2.MOHORI BIBEE v. DHARMODAS GHOSE
⮚ Brief facts: Plaintiff here, Dharmodas Ghose was in great need of money therefore, he decided to pledge his property and asked for a loan of Rs. 20,000 from the moneylender Brahmo Dutt. The debt amount given was less than Rs. 20,000. Brahmo Dutt who was acting as an attorney at that time on the behalf of the moneylender, already knew that Dharmodas Ghose was a minor while entering into a contract with him. Plaintiff filed a suit against Brahmo Dutt saying that the mortgage deed should be null and void because he was a minor at the time of contract. Later, Brahmo Dutt passed away and the appeal was indicted by his executors. And it was said by the defendant that the plaintiff should not be excused as he misrepresented his age to him.
⮚ Decision: The Privy Council here held that the; person who mortgaged the property was minor at the time of execution of the contract. Therefore, the mortgage deed which was made between the plaintiff and the defendant was not only avoidable but also was considered void. It also held that any contract made with a minor is ‘void ab-Initio. As minors are incompetent to contract so, such contracts are considered void and invalid in the eyes of law. The minor is not bound to pay back the amount that was advanced to him as he was not bound by the promise that was made in the contract because of incapacity to enter into the contract.
And any contract entered into with a minor shall be null and void because of his incapacity. Agreements done by the minors without the knowledge and consent of their guardians or parents shall not be considered valid.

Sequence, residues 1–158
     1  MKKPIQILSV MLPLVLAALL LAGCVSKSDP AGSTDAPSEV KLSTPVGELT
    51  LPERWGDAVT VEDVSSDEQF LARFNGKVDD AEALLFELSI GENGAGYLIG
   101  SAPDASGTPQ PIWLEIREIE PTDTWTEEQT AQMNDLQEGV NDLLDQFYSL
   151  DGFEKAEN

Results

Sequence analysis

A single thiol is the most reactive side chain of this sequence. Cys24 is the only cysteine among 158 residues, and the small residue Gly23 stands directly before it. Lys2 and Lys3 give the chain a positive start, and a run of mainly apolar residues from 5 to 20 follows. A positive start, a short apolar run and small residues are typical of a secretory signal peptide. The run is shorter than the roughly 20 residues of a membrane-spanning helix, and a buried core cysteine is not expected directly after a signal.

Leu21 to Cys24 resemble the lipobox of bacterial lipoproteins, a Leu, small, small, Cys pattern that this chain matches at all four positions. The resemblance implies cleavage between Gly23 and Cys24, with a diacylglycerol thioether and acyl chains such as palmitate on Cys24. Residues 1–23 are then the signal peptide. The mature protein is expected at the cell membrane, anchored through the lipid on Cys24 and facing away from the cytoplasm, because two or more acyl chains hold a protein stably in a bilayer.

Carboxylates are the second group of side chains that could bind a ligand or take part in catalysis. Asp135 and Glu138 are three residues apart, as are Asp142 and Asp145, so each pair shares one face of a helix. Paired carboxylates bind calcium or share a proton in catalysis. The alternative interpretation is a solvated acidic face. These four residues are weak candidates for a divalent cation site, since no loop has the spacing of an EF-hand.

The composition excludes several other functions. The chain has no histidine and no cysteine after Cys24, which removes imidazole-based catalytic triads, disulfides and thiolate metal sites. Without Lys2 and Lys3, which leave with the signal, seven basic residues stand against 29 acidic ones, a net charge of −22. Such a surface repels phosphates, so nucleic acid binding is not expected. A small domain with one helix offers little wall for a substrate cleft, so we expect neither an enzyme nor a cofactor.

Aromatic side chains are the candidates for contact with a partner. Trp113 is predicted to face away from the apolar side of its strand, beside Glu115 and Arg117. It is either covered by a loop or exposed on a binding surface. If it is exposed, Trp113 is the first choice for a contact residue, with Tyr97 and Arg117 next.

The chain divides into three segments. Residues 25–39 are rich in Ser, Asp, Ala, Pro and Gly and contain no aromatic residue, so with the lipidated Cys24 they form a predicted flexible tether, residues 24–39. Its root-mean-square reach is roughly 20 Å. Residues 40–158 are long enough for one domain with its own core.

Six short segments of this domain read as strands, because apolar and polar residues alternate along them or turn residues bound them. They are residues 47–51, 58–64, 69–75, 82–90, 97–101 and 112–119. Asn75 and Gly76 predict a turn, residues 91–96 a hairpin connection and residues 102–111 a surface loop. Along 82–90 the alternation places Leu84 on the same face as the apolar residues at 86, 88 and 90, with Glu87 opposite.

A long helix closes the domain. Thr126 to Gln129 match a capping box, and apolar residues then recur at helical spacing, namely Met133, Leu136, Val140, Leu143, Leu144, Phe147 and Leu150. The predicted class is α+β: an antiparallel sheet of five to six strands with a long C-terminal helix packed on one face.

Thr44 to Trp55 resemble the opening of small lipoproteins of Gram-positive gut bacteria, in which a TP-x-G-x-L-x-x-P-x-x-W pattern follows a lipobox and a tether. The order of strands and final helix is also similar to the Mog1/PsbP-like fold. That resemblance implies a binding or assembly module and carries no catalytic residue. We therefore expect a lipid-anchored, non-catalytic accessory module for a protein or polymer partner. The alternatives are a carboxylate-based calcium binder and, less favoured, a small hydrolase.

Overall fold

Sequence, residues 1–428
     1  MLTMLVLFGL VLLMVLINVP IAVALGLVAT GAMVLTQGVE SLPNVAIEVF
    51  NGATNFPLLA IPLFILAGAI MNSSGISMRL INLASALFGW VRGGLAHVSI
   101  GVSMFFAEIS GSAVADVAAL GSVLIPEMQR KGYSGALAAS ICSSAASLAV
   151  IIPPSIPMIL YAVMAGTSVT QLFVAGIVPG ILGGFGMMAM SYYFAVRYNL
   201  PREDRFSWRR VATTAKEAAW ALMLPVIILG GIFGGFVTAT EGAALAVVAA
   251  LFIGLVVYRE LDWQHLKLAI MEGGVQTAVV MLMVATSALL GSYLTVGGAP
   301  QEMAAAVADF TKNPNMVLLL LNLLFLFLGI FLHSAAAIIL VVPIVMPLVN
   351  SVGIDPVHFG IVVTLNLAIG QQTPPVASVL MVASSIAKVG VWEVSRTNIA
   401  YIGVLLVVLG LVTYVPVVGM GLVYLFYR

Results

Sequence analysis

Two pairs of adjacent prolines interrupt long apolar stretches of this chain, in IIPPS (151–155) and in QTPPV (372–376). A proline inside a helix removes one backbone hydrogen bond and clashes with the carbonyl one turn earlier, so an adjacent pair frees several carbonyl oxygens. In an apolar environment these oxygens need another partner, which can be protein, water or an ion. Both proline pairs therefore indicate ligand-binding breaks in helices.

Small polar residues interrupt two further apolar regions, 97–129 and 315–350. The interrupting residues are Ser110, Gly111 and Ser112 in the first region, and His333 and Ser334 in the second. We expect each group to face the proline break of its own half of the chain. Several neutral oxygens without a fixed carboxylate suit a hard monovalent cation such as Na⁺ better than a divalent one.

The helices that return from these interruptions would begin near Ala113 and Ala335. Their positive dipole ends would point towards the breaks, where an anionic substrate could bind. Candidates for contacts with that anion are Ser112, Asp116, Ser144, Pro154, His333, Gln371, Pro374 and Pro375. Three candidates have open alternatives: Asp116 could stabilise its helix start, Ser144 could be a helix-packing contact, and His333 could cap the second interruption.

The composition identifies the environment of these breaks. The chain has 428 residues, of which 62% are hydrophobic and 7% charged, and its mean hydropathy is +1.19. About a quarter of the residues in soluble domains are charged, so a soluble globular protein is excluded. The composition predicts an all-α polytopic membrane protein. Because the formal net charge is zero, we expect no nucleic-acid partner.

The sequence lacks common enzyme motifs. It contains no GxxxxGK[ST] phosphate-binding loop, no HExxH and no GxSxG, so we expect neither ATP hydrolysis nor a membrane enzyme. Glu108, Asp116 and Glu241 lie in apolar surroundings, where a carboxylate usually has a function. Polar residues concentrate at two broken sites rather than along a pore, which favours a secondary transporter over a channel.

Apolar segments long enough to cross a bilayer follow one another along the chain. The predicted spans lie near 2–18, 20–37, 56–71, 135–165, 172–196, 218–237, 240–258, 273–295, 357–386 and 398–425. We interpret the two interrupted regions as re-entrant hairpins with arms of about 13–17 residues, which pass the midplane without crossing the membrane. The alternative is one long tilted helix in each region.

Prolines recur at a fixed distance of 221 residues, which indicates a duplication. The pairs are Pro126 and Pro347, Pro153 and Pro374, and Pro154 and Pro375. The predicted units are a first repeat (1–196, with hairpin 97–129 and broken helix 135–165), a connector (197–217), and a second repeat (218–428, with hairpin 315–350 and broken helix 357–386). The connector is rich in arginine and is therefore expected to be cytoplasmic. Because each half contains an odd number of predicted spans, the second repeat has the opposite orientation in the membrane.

As per my view for a contract to be valid and enforceable there are certain essential elements that are to be fulfilled. If the contract lacks any of those essential elements, then the contract will be treated as void or void- ab – initio or may be voidable. Some essential elements are that there has to be offer and acceptance between the parties. There has to be free consent of the parties. Parties must be competent to contract i.e., they should be of the age of majority and not disqualified by any law and of sound mind. Parties must desire to enter into a legal relationship. There have to be lawful considerations and lawful objects in a contract. At last, the contract must have certainty for its performance.
 Morawetz, Victor (1925-02-02). “The Elements of a Contract” (PDF).
 (1875) LR 10 Ex 153; (1875-76) LR 1 App Cas 554
  2KB 571
 1903 30 Cal 539